Ranking the days between Christmas Eve and New Year's Day from worst to best
And so this is Christmas.
As you get older, Christmas becomes less about presents (and even less about the birth of Jesus) and more about the time off. Time spent with loved ones, loved foods and loved boxsets.
But the simple truth remains that not all Christmas days are created equal. Some days transport us to a state of yuletide zen that others cannot. Some are even more stressful than your average day.
Here's what you can expect from the coming festive season, with each individual day ranked from the worst to the best, starting with...
New Year's Day
Unlike the other days on this list, New Year's Day is actively bad. It is not just the least good day of the Christmas holiday period. It is an actively garbage day, and if any of us had a tap of common sense we would hibernate straight through it.
What kind of sick condition possesses us to make "resolutions" about how to better ourselves to coincide with a day when we are not only inevitably hungover, but soon to return to the soul-crushing burden of work? It's no wonder we all end up breaking them so quickly.
A day of conflict. By this stage, enough time has passed since Christmas Day that we're starting to think about going back to work. Not a bad day, per sé, but at this stage there is nothing specific to celebrate, and thoughts of the real world have begun to invade and contaminate your inner North Pole.
Relaxation now comes with more effort, and you need to focus on keeping your Christmas spirit alive.
29 December does the job. There's nothing specific to celebrate anymore, but the tree is still a deep green, your responsibilities have yet to re-emerge and there's time to find a new appreciation for all the chocolates that you haven't eaten yet.
It's usually around this time of the break that people realise that Bounty bars aren't so bad after all. It is a time of understanding, and appreciation.
New Year's Eve
While New Year's Day is demonstrably bullshit, as per the reasons outlined above, New Year's Eve actually has something to it. A chance to see friends and drink champagne and possibly even kiss someone at midnight. You're still in the post-Christmas wave where you still believe you'll achieve your New Year's resolution, still getting a kick out of your new Christmas clothes and ready to sesh.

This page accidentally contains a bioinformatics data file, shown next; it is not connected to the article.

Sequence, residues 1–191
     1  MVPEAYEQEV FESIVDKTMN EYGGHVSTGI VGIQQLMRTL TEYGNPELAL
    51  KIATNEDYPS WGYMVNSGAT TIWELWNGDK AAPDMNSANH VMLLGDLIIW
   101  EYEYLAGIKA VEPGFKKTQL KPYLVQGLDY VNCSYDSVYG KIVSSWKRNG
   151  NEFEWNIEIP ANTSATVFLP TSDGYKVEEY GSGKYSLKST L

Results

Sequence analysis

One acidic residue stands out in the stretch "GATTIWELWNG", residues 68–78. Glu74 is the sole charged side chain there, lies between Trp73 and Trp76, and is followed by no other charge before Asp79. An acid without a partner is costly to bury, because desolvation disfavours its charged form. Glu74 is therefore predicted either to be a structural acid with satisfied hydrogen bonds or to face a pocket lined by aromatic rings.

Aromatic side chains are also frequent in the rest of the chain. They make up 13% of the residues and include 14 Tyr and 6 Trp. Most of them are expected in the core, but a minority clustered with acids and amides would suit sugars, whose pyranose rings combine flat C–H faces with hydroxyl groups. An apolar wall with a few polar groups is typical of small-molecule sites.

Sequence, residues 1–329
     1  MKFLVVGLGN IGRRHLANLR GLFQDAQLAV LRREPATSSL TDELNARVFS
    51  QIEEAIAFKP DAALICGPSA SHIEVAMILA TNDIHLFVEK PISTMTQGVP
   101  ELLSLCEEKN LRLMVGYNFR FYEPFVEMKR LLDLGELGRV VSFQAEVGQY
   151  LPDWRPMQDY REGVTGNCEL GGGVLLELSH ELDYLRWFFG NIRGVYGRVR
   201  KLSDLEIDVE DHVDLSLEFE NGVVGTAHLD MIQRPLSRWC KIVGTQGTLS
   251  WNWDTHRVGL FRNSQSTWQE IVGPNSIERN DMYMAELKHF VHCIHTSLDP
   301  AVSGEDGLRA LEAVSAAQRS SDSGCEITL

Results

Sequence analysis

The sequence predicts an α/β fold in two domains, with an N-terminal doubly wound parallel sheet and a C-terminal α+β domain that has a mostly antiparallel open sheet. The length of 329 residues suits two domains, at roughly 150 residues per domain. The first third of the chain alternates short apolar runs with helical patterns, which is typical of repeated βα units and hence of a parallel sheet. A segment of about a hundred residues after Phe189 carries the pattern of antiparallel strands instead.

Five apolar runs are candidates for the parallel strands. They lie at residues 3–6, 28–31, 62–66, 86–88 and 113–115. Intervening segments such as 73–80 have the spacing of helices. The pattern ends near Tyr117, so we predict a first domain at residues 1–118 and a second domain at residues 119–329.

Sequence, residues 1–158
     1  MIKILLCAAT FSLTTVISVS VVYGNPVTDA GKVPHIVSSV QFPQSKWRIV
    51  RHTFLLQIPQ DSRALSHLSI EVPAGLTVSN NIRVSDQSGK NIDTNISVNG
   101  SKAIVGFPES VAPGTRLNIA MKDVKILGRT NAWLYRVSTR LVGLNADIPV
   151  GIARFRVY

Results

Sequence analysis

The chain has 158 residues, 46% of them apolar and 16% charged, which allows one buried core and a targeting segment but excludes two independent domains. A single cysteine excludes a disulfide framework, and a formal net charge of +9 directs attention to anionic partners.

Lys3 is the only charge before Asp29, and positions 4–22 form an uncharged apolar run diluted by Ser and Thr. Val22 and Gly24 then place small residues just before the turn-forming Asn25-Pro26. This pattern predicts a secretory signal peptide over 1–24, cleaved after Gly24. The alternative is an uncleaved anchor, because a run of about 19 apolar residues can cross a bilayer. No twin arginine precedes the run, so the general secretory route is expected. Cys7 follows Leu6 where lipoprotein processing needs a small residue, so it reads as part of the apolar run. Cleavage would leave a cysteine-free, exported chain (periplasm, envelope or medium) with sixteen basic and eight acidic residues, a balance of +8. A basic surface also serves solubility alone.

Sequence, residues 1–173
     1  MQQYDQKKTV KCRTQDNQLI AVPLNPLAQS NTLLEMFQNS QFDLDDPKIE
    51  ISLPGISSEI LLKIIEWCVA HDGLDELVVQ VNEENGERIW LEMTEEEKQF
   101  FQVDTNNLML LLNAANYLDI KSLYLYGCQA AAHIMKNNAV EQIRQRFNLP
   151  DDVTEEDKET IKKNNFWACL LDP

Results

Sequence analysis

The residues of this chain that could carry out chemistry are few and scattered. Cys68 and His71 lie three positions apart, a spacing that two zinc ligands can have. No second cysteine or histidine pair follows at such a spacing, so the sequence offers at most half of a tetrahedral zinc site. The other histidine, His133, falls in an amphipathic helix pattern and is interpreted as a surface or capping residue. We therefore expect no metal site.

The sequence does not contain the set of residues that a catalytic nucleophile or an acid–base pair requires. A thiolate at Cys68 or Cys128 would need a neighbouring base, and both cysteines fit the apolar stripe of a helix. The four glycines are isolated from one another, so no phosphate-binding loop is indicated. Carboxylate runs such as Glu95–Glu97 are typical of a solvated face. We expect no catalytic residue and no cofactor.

There's also the catharsis of leaving yet another year in the dust. Unfortunately, a new one is just about to start. But you don't have to worry about that until the ball drops.
You are adrift in a sea of Christmas. Empty, crinkly husks of Celebration wrappers lay strewn about your person as you recline in an undone dressing gown. You might have a pint, you might have a Baileys, you might have some wine. It doesn't matter. None of it matters. You are safe here in your Christmas chrysalis. You cannot be disturbed here. You bite clean into a Terry's Chocolate Orange. You have defeated yet another year.
Christmas Eve is a strong contender. While not a holiday in its own right, it comfortably puts other pretenders such as Easter Sunday to shame.
It lacks the stupor of the latter Christmas days, but you're also spared the anxiety of Christmas' final moments. Christmas is yet to come.
Anticipation is the name of the game, whether you're waiting to get out of work to enjoy some Christmassy pints or waiting to get to bed early so Santa will visit sooner. Things are only looking up immediately after Christmas Eve, which is a rather blissful position in which to find oneself.
The crest of the Christmas haze. You are gorged on Quality Street and mulled wine and leftover turkey sandwiches. You've watched The Muppet Christmas Carol and Elf at least once each.
It is at this point that you realise that you've got no idea what day of the week it is, and, better yet, that you have no cause to find out.
Time briefly pauses and Christmas consumes all.
The focal point of each year. Partially about family, but mostly about presents. The stakes are high, and any cock-ups with regard to dinner, presents or the behaviour of your loved ones can easily knock this day off-kilter.
But if all goes to plan, you're coming away with a renewed sense of how much you enjoy your family, how nice it is to not be in work, how tasty turkey and ham and stuffing are, and board game success.
The mother of all days. The presents are unwrapped. The family obligations are fulfilled. The rest of the world is awake once more. You can avail yourself of Christmas sales, you can go and childishly call for your friends who are also off work, you can revel in whatever Christmas movie is on TV.
Dear Lord, if I should die, don't let it be before Stephen's Day.
Christmas remains, but all of your responsibilities have ebbed away. The world is your oyster. Unless you have kids or something. Then you probably have to get up early and listen to them loudly play with their toys. Enjoy!